Both amnion and chorion are extra embryonic membranes that protect the embryo and provide it with nutrients for the growth and development throughout the intrauterine life. Amnion is the inner layer that surrounds the amniotic cavity while chorion is the outer layer that covers amnion, yolk sac and the allantois. This article points out the differences between amnion and chorion with regard to their development, location and the functions.
As mentioned above, amnion is an extra embryonic membrane that lines the amniotic cavity. It consists of two layers, where the outer most layer is formed from the mesoderm, and the innermost layer is formed from the ectoderm. Once it is formed at the early pregnancy, it is in contact with the body of the embryo, but 4-5 weeks later amniotic fluid begins to accumulate in between the two layers forming amniotic sac. Amnion does not contain any vessels or nerves but do contain a significant amount of phospholipids as well as enzymes involved in phospholipid hydrolysis.
Initially amniotic fluid is mainly secreted from the amnion, but by about 10th week of gestation, it is mainly a transudate of the fetal serum via the skin and the umbilical cord. Amniotic fluid volume increases progressively, but towards the end of pregnancy, there is a rapid fall in the volume. The main functions of the amniotic fluid are to protect the fetus from mechanical injury, permit movement of the fetus and prevent contractures, aid in the development of the fetal lung and prevent adhesion formation between fetus and amnion.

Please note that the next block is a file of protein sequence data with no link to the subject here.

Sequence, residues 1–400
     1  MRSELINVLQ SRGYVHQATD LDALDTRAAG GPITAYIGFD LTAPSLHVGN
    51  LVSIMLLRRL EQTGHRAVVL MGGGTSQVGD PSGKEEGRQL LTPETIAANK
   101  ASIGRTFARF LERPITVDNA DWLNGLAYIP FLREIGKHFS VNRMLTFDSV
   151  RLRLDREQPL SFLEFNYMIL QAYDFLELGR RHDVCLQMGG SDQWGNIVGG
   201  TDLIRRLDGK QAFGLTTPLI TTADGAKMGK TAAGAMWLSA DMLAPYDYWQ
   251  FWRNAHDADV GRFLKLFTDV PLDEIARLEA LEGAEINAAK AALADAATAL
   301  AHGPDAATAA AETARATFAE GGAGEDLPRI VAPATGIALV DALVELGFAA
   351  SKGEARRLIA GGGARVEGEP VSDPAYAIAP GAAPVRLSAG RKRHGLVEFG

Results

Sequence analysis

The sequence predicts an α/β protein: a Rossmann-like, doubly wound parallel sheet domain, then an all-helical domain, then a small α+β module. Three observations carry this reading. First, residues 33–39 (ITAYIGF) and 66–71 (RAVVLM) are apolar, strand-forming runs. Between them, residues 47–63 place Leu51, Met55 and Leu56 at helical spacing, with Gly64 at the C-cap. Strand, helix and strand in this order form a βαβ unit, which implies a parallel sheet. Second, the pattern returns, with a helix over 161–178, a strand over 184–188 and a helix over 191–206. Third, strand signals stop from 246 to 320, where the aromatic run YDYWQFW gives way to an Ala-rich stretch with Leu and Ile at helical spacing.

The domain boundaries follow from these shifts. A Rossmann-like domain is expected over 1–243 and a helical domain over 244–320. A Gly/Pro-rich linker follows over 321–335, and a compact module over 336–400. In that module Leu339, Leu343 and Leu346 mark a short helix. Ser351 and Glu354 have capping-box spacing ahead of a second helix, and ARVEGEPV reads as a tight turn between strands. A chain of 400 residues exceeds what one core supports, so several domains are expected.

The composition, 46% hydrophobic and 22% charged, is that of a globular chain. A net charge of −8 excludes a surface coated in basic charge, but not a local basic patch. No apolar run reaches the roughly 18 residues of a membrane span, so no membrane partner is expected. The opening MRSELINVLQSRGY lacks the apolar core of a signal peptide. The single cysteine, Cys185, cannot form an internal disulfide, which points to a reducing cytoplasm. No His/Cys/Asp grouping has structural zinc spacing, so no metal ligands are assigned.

Amnion is present in birds, reptiles and in mammals.
Chorion is an extra embryonic membrane that covers the embryo and the other membranes. It is formed from extra embryonic mesoderm with two layers of trophoblasts. As in amnion it does not contain any vessels or nerves but contain a significant amount of phospholipids and enzymes involved in phospholipid hydrolysis.
The chorionic villi, which are finger like processes that emerge from the chorion, invade the endometrium and entrusted with the task of transferring nutrients from mother to the fetus. Chorionic villi consist of two layers, where the outer layer is formed from the trophoblasts, and the inner layer is formed from the somatic mesoderm. These chorionic villi get vascularized from the mesoderm that carrying branches of the umbilical vessels. Until the end of the second trimester, villi covering the chorion are uniform in size but later they develop unequally.
It contributes the formation of the placenta.
What is the difference between Amnion and Chorion?
• The amnion is the inner membrane that surrounds the amniotic cavity while the chorion is the outer membrane that surrounds the amnion, yolk sac and the allantois.
• Amnion is filled with amniotic fluid, which aid in the growth and development of the embryo, while chorion acts as a protective barrier.
• The amnion comprises mesoderm and ectoderm while the chorion is made out of trophoblasts and the mesoderm.
• Chorion has a finger like processes called chorionic villi.